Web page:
Klein, who was studying biological sciences, was accused of selling LSD, even sprinkling some on Altoids breath mints and SweetTARTS candy, police said. He was caught with more than $4000 cash, in addition to marijuana, DMT, and MDMA, among other drugs, prosecutors said.
A 21-year-old woman who said she was a "good friend" of Klein's, but asked not to be identified, said Klein and David were open about getting drugs for friends.
"We trust our friends because they’re willing to take a risk for people like me who don't want to deal with sketchy characters in Washington Heights and downtown," said the woman.
She also said she was going to warn her friends to "hide their sh-t" until the heat dies down.
"It's everywhere, it's not just these guys," she said about marijuana use. "That's pervasive, as for the harder drugs, it's on an individual basis, I would say not everybody does that stuff."
Some students said they were surprised by the bust, because the frats involved were known more for drinking than for drugs. "There are other frats with much druggier reputations," said one member of a bfrat not involved in the arrests who asked not to be identified.
Others said drug use is common on campus, and the five arrested students were just the unlucky few who happened to get busted.
"Like any other university there are people who use drugs," said a twenty-year-old student who said she knows three of the men arrested. "They were really good students; really involved on campus. It was just a stupid decision."
Undercover officers bought nearly $8,000 worth of marijuana, $1,000 each of cocaine and ecstasy and $440 in LSD from the students over the course of the investigation, police said.
The alleged drug ring came to light in part after the NYPD received multiple complaints on its CrimeStoppers hotline, officials said.
Three other people — Roberto Lagares, 30, of Brooklyn, and Megan Asper, 22, and Miron Sarzynski, 24, of the East Village — were arrested earlier and identified by police as the students' suppliers.
Asper and Sarzynski remained jailed at Rikers Island, according to the Department of Correction website. Asper was granted $10,000 bail and Sarzynski was granted $250,000 bail, but neither have posted bail yet, according to the website.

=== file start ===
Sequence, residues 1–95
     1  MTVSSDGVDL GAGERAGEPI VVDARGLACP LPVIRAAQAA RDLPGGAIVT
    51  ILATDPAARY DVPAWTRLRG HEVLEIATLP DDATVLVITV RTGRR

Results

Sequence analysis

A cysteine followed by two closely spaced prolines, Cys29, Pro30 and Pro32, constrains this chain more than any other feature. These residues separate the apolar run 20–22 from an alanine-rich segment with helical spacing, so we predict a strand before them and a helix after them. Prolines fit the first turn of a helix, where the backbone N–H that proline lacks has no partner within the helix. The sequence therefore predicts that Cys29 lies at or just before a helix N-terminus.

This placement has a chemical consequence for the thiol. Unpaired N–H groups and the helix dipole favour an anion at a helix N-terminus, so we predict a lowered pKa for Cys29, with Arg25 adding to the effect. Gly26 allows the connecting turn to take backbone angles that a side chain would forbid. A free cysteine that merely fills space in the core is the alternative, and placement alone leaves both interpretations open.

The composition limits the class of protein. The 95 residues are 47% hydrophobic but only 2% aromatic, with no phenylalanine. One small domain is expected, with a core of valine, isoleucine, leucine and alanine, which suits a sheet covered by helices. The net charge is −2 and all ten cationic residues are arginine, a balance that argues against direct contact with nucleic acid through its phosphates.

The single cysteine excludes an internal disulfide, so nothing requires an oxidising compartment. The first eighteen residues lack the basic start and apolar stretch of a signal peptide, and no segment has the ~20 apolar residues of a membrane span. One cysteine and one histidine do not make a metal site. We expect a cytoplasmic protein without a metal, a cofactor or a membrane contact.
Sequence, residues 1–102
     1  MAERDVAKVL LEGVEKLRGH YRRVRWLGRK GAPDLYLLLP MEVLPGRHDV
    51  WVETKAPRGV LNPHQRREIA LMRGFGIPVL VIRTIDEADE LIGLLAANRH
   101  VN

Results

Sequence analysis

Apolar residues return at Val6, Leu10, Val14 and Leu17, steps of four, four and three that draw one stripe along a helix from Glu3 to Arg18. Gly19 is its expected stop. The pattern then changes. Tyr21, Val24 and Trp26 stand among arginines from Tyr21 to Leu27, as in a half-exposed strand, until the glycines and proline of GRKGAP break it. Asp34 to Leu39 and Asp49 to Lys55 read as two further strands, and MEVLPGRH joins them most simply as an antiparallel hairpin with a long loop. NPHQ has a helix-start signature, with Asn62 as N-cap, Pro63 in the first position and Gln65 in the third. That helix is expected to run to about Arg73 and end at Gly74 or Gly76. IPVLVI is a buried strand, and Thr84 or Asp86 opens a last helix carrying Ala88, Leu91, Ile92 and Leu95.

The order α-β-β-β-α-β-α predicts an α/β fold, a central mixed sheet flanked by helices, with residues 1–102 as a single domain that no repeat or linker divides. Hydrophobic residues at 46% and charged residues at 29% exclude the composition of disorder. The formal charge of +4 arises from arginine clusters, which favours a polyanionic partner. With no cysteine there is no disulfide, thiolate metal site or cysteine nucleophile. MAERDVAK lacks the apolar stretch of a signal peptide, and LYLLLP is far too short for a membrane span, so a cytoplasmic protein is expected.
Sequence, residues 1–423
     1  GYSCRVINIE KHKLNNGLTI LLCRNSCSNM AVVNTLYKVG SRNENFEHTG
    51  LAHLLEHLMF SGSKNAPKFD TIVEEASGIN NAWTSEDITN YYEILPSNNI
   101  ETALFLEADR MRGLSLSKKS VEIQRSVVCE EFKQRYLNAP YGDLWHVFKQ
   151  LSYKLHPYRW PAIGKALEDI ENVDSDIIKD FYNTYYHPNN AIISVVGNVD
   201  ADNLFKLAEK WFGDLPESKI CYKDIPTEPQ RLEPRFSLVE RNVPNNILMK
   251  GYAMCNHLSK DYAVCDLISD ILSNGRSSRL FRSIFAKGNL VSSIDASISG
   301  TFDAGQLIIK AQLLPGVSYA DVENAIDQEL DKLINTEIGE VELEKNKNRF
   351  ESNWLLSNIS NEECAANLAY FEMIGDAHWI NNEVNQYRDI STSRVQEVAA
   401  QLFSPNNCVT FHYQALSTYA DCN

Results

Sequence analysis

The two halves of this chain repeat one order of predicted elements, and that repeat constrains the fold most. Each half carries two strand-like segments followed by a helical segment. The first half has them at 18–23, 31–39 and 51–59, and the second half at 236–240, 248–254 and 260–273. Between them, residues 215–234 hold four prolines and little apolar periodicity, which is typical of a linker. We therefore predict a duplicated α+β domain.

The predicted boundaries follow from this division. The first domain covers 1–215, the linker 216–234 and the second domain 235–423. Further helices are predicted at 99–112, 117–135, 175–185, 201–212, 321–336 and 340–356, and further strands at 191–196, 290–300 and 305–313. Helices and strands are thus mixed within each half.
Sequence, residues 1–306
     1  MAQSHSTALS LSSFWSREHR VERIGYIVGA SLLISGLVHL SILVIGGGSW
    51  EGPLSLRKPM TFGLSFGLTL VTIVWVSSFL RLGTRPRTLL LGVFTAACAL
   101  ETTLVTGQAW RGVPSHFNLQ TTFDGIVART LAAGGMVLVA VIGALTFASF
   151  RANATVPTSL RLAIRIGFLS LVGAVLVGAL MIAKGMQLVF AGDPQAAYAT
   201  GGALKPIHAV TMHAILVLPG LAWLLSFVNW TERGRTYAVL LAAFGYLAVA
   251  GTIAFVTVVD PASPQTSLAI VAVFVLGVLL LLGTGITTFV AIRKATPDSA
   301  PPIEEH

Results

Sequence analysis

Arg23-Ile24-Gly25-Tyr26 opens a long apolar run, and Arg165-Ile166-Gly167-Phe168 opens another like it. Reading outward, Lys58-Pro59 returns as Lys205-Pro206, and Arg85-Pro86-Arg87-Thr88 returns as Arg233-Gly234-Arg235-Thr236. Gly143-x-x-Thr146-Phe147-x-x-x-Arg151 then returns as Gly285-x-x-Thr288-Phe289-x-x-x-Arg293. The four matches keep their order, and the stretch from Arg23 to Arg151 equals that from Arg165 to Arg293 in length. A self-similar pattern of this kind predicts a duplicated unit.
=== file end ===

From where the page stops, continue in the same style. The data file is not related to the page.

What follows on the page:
Lagares was arrested on Sunday and was being held at the Manhattan Correctional Facility in lower Manhattan, according to the Correction website.
When police raided the East 6th Street apartment shared by Asper and Sarzynski on Oct. 27, they allegedly found two dozen marijuana plants, and equipment to grow hydroponic pot and to manufacture a hallucinogenic chemical called DMT, police said. They also seized cash, liquid LSD in a bottle, and two air pistols, police said.
One of the alleged suppliers, Sarzynski, was hit with an added charge for allegedly trying to hire an undercover cop to kidnap rival drug dealers, torture them with a stun gun and an LSD overdose and then kill them if a ransom wasn't paid.
"The fact that a supplier to the Columbia students was willing to kill his rivals should demolish any argument that drugs on campus is a victimless crime," Police Commissioner Raymond Kelly said in a statement. "This is no way to work your way through college."
At the Psi Upsilon fraternity house Tuesday morning, where arrested student Adam Klein lived, a list of 10 agenda items from a meeting the night before was still sitting on a table in a common area.
Someone hand-wrote in an 11th item. "Don't sell drugs out of the frat house," it read. It was accompanied by another handwritten note, posted next to "Don't do anything stupid rule" under item No. 9: "Adam should have followed this rule."
Columbia University's spokesman would not comment directly on the arrests, but instead released a statement addressed to students, warning that "the alleged behavior of the students involved in this incident goes against not only state and federal law, but also University policy and the principles we have set—and strive together to maintain—for our community."
The five Columbia students are being held on bail.